8 6. Offer or accept non-standard flexible payment arrangements where appropriate in order to encourage payment. 7. Proactively offer customers who are in debt and in receipt of eligible benefits the option to pay using the Water Direct scheme. Where companies themselves wish to apply for Water Direct on behalf of the customer they must make reasonable efforts to inform the customer of their actions before doing so. Companies should also work with local JobCentre Plus and Pension Service offices to build effective working relationships. Once a customer has been placed onto Water Direct, other debt collection activities should be frozen. 8. Advertise the available payment options on or with the initial bill so that the customer can choose the option which bests suits their circumstances. Companies should clearly set out the payment methods not incurring a transaction charge, and the option to pay on a frequent basis and, where possible, tailor these to individual customers needs. Companies should also take advantage of further opportunities to draw customers attention to the range of options available. They should flag options again in further correspondence sent to customers in debt, either in the text of letters or enclosing a separate leaflet or their code of practice on debt. 9. Where companies become aware that a different instalment option may suit a customer better than the one they currently use, they should proactively offer the option. Where a customer wishes to switch payment method or frequency, the company should try to accommodate any reasonable request as quickly as possible. 10. Review payment methods periodically so that any advances in technology which widen the range offered are considered. Where the company is offering new payment methods, these should be advertised in billing literature at the earliest opportunity. Principle 3 All correspondence sent to customers should be written in plain language, be courteous and non-threatening but should clearly set out the action which the water company will take if the customer fails to make payment or contact the company, along with the possible consequences for the customer. Current practice Water companies typically use standard letters and notices to advise customers that they have missed an instalment or failed to pay their bill. Notices set out what action the company will take if the customer does not pay within a specified time, and invite 8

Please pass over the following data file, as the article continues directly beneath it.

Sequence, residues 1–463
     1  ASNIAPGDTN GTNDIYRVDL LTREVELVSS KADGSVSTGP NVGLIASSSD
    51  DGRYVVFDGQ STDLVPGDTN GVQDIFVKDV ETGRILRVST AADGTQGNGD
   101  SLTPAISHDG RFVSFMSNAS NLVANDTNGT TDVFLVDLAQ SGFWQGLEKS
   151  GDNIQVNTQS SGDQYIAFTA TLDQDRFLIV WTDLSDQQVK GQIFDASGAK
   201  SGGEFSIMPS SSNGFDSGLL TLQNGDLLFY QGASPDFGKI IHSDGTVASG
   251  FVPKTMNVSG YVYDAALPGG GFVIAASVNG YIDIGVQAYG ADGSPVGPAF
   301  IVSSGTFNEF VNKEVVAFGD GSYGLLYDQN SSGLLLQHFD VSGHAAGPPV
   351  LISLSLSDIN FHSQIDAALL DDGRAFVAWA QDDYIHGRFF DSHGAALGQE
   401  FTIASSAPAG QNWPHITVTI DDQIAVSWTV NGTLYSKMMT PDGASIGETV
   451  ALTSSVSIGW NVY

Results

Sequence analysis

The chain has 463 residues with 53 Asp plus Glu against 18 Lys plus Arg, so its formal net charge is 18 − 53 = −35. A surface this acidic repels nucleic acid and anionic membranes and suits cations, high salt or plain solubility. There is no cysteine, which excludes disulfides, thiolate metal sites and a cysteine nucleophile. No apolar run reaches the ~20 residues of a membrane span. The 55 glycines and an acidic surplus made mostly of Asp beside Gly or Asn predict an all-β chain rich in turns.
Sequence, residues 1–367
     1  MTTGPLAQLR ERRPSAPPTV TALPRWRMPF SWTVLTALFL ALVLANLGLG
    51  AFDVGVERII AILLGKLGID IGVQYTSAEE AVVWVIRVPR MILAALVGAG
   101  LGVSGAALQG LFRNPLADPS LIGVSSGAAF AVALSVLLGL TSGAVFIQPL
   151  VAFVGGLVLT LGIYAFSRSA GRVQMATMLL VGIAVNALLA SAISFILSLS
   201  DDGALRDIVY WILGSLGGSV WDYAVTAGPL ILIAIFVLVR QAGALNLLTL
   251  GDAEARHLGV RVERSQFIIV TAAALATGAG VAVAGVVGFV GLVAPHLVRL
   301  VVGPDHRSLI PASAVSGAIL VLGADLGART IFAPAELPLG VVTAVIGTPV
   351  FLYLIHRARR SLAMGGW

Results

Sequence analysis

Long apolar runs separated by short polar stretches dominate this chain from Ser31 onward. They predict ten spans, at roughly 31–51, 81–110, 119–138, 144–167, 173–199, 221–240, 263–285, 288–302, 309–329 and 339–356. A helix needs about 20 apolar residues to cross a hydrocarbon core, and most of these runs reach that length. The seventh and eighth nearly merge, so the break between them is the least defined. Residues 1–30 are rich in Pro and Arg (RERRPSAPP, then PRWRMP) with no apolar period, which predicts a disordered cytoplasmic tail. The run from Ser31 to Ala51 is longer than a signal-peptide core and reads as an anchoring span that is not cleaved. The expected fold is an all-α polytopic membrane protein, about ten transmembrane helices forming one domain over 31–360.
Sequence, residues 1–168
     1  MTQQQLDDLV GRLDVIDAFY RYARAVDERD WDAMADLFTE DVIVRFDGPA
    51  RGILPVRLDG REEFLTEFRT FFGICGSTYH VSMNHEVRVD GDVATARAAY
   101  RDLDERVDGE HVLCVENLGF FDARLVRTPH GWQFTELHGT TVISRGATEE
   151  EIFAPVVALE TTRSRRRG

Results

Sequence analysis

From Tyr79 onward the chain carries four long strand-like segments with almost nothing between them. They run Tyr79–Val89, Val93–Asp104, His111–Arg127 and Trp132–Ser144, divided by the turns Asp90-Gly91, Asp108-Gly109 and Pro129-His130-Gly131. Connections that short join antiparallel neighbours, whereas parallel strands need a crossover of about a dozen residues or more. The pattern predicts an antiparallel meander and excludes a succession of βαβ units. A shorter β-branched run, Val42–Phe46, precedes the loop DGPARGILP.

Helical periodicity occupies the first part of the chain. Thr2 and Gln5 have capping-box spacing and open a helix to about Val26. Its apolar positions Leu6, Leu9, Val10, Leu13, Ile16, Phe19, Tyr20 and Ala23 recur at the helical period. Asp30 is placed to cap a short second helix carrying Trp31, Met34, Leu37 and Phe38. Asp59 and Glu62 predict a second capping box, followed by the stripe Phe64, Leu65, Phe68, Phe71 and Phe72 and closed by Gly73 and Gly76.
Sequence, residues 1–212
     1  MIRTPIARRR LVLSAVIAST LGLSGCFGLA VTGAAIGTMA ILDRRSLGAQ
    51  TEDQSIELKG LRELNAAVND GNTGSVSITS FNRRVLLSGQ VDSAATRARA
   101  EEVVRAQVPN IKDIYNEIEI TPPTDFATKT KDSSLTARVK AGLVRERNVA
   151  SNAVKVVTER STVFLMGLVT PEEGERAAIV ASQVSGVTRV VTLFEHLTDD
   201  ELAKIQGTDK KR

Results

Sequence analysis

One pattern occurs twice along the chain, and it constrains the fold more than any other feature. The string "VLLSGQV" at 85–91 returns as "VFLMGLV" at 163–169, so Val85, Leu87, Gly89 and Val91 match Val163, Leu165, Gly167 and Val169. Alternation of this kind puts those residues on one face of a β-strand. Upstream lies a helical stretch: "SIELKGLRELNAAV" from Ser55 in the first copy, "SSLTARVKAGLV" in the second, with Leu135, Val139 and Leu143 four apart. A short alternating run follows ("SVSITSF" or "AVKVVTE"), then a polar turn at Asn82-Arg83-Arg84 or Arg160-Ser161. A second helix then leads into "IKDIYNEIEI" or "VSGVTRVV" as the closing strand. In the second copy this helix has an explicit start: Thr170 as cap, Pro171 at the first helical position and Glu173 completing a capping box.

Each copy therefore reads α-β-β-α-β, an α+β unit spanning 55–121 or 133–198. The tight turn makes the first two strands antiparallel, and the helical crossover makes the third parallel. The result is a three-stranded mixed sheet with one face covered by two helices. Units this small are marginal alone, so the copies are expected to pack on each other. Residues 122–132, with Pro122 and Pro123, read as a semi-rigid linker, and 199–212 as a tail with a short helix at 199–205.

9 the customer to contact the company to discuss options available to assist the customer in making payment. Letters should be written using appropriate wording and tone to encourage the customer to contact the company. Some customers may not understand the meaning of certain legal terms and need a simple explanation of the process and consequences of the action the company proposes to instigate. They may not be aware, for example, that court action could jeopardise their credit rating in the future or that some actions may involve contacting their employer. Any explanation should not be misleading. Companies should not falsely imply, for example, that court judgment will automatically be granted or has already been obtained, or use documents made to resemble court claims. Standard letters are usually available for each stage of the process. Most companies have developed a suite of letters or notices applying only to household or commercial customers. All companies are required under their licence conditions to have a code of practice on debt, which is available to household customers and submitted to Ofwat. It sets out what support is available to customers who find their bills unaffordable. It also sets out how the company deals with customers who fall into debt, including any arrangements to share data with credit reference agencies. Companies typically produce their code in the form of a customer-friendly leaflet which can be used to advise or remind customers of their options. Water companies make literature and correspondence available to customers in formats which they are able to use. Companies are usually able to offer customers with sight impairments large print or Braille bills where appropriate so that they are able to read their bills and notices. This is in line with our guidance to companies on services to customers with disabilities3. Some companies also have systems in place so that customers who do not speak English can communicate with the company. Companies will typically work with CCWater when designing new literature in order to give them an opportunity to comment. Some companies also involve other agencies in this process, for example, Citizens Advice or the Plain English Campaign. They are required to consult with CCWater on changes to their Code of Practice and following this, submit the Code of Practice to Ofwat. Expectations We will generally expect companies to meet this principle in the following ways. 3 Services for Disabled or Elderly Customers -Guidance To Companies (March 2001 revised 2013) available from Ofwat Library 9